Project start dates are assumed an easy input. I often see too little thinking go into this date. Its actually one of the most important inputs because all other values are based from this date. A day off is at least a day wrong in the forecast without creating team stress. The most common reasons this date turns out incorrect (different than planned) are –
- Its a date based on the “planned” finish of another project and that project goes long
- The team intended to start the new work is still performing release activities or stabilization of a production tool
- People are exhausted after a hard slog o a prior project
- The team doesn’t exist yet, or in a full set of required skills
- They don’t have the tools or environments to begin development
- The project isn’t approved to go ahead yet
- The team isn’t trained in the skills it needs
These are my shortlist. They have little to do with this project or feature, and a lot to do with what else is happening inside the company. To get this date right you have to boldly ask difficult questions of other teams. You have to look at how similar projects have started and assume you will fare no better without taking a different approach.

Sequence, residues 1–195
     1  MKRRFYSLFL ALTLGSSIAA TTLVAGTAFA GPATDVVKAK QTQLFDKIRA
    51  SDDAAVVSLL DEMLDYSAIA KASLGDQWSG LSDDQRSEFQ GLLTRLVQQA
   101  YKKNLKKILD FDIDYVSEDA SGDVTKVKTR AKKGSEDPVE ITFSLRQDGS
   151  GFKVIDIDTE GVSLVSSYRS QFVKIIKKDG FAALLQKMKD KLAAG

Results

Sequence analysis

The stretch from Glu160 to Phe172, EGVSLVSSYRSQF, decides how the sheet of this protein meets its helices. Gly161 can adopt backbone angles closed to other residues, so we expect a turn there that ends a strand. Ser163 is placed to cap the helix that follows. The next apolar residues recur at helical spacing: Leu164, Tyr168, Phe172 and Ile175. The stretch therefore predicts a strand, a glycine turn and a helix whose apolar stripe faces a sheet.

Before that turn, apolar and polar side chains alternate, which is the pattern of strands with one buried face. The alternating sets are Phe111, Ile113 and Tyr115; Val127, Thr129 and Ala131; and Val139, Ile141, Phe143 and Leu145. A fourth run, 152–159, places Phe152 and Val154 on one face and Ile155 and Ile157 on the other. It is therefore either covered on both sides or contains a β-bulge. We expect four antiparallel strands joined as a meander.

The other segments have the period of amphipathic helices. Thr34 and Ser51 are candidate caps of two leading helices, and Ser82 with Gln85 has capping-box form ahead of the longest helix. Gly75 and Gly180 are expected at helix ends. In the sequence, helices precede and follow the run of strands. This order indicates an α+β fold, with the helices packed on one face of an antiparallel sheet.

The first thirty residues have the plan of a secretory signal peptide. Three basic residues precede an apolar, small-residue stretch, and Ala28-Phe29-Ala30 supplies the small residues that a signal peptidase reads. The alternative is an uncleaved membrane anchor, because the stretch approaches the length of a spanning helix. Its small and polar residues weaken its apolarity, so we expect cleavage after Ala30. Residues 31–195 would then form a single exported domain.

Estimate this date to the best of your knowledge considering that the following conditions are met (make your own list and tick them off as you go) –
- Do i have a core team with the skills required?
- How long will i take to interview, hire and onboard new staff?
- Do we have physical seating space for the team?
- How long does it take to get access to critical IT resources (database, websites, tools)?
- What software and tools are needed for them to do their job, do we have it on order?
- What other projects or production issues might my team be “borrowed for”?
You get the idea. Look for things that will delay the team hitting its delivery stride. Either set the date past that estimate, or assume a slower throughput in the early days. But most importantly – don’t just use the “desirable” start date for forecasting.